On stage at Body Hacking Con last weekend, DARPA (the US Defense Advanced Research Projects Agency) director of biological technologies Justin Sanchez ran through an impressive list of the sort of government projects that might interest people attending a conference about the integration of humans and tech, including plans to prevent global pandemics by turning the body into bioreactor and to restore memory through technologies like brain computer interfaces.
But Sanchez was not only there to promote the agency’s expansive research portfolio. He also had a message of urgent caution for so-called biohackers, people who have decided the formal drug research and approval process is too cumbersome and who are using themselves as guinea pigs for increasingly more ambitious biology experiments.
“We may be comfortable with the risks today, but are there risks we haven’t considered?” he told the crowd, summing up his keynote address. “Never shy away from these kinds of questions. I know this community is ultimately going to change the world.”
In an interview after his stage talk, Sanchez was more circumspect. “More and more people have access to biotechnology. It is very democratised right,” he told me. “People need to think deeply. If you do have access to it, that doesn’t mean you should use it.”
His message would not be heeded the very next day at the conference, when one biohacker injected himself on stage with an extremely experimental treatment for herpes. The therapy had gone through no regulatory approval process and had never before tested in humans. It was not the first time such a bold experiment has taken place in the biohacking community. In October, the company behind the herpes stunt sponsored another experiment in which a person injected himself with an untested HIV treatment during a Facebook livestream. And over the summer, another biohacker injected himself with CRISPR and a gene to promote muscle growth at a synthetic biology conference. The rush of DIY genetic experimentation in humans prompted strong words from the US government.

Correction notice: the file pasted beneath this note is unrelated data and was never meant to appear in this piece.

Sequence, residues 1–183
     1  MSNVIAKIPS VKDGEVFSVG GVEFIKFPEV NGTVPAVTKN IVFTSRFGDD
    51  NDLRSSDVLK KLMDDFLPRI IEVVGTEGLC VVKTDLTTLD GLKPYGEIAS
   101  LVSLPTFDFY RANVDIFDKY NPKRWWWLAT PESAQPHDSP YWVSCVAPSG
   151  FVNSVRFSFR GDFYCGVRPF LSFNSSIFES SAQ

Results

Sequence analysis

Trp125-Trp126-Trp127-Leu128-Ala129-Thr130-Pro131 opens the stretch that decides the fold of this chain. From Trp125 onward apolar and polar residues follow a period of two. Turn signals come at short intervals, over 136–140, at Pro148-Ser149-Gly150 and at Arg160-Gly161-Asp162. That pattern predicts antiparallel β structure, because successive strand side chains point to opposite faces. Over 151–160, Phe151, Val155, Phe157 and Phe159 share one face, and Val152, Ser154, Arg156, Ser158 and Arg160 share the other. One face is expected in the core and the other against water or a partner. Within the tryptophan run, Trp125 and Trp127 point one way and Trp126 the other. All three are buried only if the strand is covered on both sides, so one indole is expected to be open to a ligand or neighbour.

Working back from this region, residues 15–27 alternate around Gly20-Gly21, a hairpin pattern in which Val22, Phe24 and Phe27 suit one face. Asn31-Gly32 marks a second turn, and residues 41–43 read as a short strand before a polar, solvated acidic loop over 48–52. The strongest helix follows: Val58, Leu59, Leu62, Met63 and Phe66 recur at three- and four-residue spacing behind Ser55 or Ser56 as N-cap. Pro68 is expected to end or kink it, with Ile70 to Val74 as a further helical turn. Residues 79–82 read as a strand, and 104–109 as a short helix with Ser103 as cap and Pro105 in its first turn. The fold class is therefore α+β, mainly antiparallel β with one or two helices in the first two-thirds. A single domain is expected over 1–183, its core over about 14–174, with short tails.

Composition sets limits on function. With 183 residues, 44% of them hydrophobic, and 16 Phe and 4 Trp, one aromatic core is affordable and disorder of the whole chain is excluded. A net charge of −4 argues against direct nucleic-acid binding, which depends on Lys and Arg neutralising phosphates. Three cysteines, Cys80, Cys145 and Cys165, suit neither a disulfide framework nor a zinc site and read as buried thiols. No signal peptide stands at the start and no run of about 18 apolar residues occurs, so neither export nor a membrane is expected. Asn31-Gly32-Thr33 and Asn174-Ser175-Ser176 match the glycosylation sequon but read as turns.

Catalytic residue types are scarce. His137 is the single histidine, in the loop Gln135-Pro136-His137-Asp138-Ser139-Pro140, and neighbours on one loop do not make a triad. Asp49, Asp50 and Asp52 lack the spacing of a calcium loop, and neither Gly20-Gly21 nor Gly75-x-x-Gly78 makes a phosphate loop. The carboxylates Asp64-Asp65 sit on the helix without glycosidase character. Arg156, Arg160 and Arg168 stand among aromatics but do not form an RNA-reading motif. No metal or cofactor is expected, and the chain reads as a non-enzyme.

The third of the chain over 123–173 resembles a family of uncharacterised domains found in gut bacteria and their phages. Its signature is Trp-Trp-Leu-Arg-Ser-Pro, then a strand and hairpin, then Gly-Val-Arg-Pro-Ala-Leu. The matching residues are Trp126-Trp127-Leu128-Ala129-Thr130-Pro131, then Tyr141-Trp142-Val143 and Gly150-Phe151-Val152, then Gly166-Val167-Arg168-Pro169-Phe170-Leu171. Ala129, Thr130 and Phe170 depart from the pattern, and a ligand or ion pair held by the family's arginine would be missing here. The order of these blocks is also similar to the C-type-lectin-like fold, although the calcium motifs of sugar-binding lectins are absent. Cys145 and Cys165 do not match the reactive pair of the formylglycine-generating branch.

Sanchez brought up the internet, for which DARPA’s precursor developed the foundational technology.
“With all technologies, when people start getting excited, they take it in a lot of different directions. That’s what enables technologies to mature and branch out into areas that no one ever expected,” he said. “I would expect for biotechnologies, the same thing is going to happen.”
But, he said, that also leads to unforeseen problems.
“There’s many levels of safety and security for the internet that we as a society are struggling with,” he said. “We’re in the early days of biological technologies. Let’s think about how to do this in a responsible way now so that, as that technology does mature, we’re better prepared to use it in a way that will benefit society.”
Sanchez said he has concerns that if biohackers fail to think through all the consequences of their work, people could wind up getting hurt. Some of DARPA’s newer programmes, in fact, are intended to come up with ways to offset the consequences of biological research gone wrong, like the Safe Genes program, which is exploring ways to reverse genetic engineering, among other things. DARPA was at Body Hacking Con, he said, in hopes of spurring a dialogue about approaching biohacking safely.
“It’s so easy to promise something in front of an audience,” Sanchez said. “It’s a very different thing to actually show that technology working with a human in a safe way and in a way that has impact.”